DAYflier ran into a situation at the JW Marriott Cancun where he says that explain their policy is not to upgrade Platinums to suites.
I spoke to Marriott CSR (I’m on vacation, so I thought I’d waste my time). She apparently called the property and then got back onto the line and advocated on behalf of the property. You see, the property only makes “available” enhanced view rooms as an upgrade for elites.
A separate problem here is Marriott customer service. They don’t know the program rules, give out inaccurate information all the time, so simply repeating this trope is unfortunately par for the course.
So what happened? He was offered an available suite for $500 (covering the length of the stay) and took it.
JW Marriott Cancun, credit: Marriott
Marriott’s Platinum Suite Upgrade Rules
Let’s take a look at what Marriott’s obligations here are. These are the terms for Platinum elite upgrades at Marriott properties,
Platinum Elite Members and above receive a complimentary upgrade to the best available room subject to availability for the entire length of stay at the time of check-in. Complimentary upgrade includes suites, rooms with desirable views, rooms on high floors, corner rooms, rooms with special amenities or rooms on Executive Floors. At The Ritz-Carlton, suites are only included for Titanium Elite and Ambassador Elite Members and rooms with direct Club access are excluded. Enhanced Room Upgrades are subject to availability and are identified by each Participating Property. The Complimentary Enhanced Room Upgrade for Platinum Elite Members and above is available at all Participating Brands except at Marriott Vacation Club, Marriott Grand Residence Club, Aloft, Element and participating Vistana properties.
Here are what this means for getting a suite.
- Upgrades include standard suites, which ones those are though are determined by the hotel. You have to be a 75 night elite to get suite upgrades at Ritz-Carlton but otherwise 50 night elites are entitled to available suites except at timeshare properties, Aloft, Element, and non-participating brands like Bvlgari.
- The suite has to be available at time of check-in. A hotel might be selling a suite but if it’s not clean yet when you check in the hotel doesn’t have to assign it to you.
- The suite has to be available for your whole stay. If you’re staying 5 nights they aren’t going to give you a suite for 3 nights and then have you move.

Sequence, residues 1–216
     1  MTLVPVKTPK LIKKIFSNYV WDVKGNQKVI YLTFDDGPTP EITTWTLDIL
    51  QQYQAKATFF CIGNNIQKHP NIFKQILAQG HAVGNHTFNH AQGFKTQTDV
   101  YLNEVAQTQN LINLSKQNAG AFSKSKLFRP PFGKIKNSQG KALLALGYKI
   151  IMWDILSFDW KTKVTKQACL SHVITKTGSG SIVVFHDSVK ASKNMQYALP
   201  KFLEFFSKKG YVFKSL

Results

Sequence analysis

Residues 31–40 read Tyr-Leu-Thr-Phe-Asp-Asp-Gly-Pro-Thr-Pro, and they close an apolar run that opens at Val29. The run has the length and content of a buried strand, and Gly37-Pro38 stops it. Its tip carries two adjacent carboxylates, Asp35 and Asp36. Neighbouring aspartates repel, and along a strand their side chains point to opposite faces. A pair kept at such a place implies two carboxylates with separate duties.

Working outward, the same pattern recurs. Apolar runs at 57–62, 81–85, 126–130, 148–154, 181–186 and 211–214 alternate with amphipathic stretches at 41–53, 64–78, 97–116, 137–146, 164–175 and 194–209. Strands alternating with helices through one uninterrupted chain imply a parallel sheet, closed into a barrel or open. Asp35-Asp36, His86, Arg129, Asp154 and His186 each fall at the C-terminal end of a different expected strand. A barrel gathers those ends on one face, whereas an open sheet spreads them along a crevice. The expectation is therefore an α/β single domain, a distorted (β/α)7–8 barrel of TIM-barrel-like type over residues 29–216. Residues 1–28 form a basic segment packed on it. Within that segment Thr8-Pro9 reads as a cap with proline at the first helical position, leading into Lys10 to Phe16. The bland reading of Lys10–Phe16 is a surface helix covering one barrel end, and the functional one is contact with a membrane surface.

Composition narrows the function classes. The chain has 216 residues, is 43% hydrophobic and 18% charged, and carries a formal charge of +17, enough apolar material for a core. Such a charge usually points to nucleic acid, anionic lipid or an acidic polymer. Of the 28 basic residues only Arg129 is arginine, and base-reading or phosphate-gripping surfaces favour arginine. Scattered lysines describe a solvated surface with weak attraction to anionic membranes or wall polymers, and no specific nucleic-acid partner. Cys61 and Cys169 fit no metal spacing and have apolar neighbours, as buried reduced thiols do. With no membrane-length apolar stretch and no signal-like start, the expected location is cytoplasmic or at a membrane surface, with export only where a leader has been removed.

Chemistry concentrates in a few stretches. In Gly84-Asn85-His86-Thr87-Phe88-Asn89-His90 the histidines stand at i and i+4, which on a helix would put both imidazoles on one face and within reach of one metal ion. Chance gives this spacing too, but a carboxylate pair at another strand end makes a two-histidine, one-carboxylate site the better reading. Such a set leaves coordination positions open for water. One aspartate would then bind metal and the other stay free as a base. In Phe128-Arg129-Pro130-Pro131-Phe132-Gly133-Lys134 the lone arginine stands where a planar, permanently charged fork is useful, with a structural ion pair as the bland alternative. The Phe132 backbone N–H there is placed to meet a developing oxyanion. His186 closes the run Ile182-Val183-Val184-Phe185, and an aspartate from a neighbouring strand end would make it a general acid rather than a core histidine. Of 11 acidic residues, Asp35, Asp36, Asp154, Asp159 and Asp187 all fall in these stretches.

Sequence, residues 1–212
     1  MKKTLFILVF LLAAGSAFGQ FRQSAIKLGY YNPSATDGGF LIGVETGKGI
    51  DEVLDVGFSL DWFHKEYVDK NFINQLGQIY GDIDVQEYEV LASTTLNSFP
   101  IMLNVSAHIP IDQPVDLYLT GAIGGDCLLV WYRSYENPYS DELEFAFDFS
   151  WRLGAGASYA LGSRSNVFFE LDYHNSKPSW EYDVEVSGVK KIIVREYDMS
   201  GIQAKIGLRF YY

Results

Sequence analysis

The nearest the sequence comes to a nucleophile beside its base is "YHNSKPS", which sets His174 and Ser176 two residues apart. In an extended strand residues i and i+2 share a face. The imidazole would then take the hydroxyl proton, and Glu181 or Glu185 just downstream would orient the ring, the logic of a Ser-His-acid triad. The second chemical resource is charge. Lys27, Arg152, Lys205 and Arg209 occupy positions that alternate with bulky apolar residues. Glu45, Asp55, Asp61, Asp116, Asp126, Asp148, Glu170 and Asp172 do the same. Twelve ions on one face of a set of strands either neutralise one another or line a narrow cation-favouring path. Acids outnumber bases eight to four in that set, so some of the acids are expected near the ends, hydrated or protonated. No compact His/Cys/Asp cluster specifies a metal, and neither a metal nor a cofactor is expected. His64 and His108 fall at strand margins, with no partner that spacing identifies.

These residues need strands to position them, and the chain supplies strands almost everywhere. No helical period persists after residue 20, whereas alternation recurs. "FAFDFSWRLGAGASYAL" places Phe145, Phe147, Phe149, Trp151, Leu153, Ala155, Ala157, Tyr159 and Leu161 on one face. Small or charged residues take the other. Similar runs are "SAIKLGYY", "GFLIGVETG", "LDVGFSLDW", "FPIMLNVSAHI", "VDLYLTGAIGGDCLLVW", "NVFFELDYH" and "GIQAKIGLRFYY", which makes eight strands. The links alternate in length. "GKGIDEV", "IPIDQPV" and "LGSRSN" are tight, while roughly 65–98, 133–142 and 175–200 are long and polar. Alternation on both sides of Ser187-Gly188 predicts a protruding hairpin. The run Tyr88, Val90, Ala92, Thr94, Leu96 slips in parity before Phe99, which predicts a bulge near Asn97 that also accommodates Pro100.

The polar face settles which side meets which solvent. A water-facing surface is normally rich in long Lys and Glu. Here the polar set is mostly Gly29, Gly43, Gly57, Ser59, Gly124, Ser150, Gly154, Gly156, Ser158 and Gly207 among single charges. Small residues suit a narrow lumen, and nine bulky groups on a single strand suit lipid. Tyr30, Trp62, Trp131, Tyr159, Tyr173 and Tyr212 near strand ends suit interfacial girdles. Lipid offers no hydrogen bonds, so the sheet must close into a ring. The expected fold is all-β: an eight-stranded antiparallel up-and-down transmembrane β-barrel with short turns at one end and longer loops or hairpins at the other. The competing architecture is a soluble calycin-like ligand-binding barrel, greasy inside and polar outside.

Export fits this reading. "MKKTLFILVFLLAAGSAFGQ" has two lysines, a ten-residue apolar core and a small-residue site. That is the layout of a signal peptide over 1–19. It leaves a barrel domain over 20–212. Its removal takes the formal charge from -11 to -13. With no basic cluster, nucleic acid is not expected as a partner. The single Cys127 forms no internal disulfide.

The guest says there was an available “Parlor suite,” that he should have gotten it complimentary, but he had to pay for it.
Was the Guest Improperly Denied an Upgrade?
There’s one problem with the guest’s narrative. A parlor suite doesn’t appear to be a room type at this hotel so we do not know what kind of room he found available, and whether it should have been offered as an upgrade or not.
He does relay that the hotel said they “would have given us the suite if we had applied [Suite Night Awards] in advance. If it’s “available” for purposes of a SNA, then it should be available for a complimentary upgrade.”
This is not actually correct.
- Members staying 50 nights or more per year can opt for ‘suite night awards’ where they are able to prioritize an upgrade up to 5 days in advance of arrival.
- Hotels designate room types for these, and guests choose what they’re interested in spending a suite night award for it it’s available.
- Unlike complimentary upgrades, when hotels are close to sell-out Marriott does compensate the property (a very small amount) for confirmed suite night awards.
- A hotel may make rooms available through this process that are not part of the pool of suites for complimentary upgrades.
Things Are Much Clearer With Hyatt
I like that Hyatt actually publishes what each hotel considers to be a standard suite – and therefore eligible for complimentary and confirmed top tier elite upgrades as well as points upgrades and free night awards.
I also like that Hyatt lets you redeem more points for premium suites (that are not eligible for top tier elite complimentary and confirmed upgrades), and publishes what rooms qualify for that.
At Hyatt each hotel determines the eligible rooms, and they actually tell you what those rooms are.
Agree to Pay and Argue Later?
Let’s assume though that what the guest referred to as a ‘parlor suite’ is a suite type the hotel is supposed to upgrade Platinums to. It’s quite likely to be the case given that the upcharge was just $500 for the whole stay.
Here’s what I’ve done in a similar situation. I once checked in at the Park Hyatt Sydney early in the morning after a long transpacific flight. They told me they did not have any standard rooms available (I had redeemed points) but they did have an Opera View King available and if I wanted that room it would be an extra AU$100 per night for my 5 night stay. (Since they were ‘full’ they wouldn’t offer any complimentary upgrades.)
Unquestionably this is a room type eligible for elite upgrade. And by definition it was available for the entire length of my stay (as with Marriott, a requirement for Hyatt) since they were offering it to me. I was tired and wanted to go to my room, so I accepted.
And when I got there I sent a complaint. Later that day I received a message from a senior manager of the hotel apologizing and assuring me that I would not be charged. I was offered a complimentary airport pickup on my next stay and they made sure to upgrade me to an Opera Deluxe room for that as well.
The risk of course is (1) being right about the room type that is being offered actually being eligible for elite upgrade, and (2) that you’ll be able to escalate the matter to someone more empowered than Marriott customer service. I haven’t had a problem getting customer service escalation Hyatt.
Marriott of course did promise that they will not let hotels ignore suite upgrade rules and that was in the context of another JW Marriott resort. So hopefully they’ll pay attention to the Cancun property, too.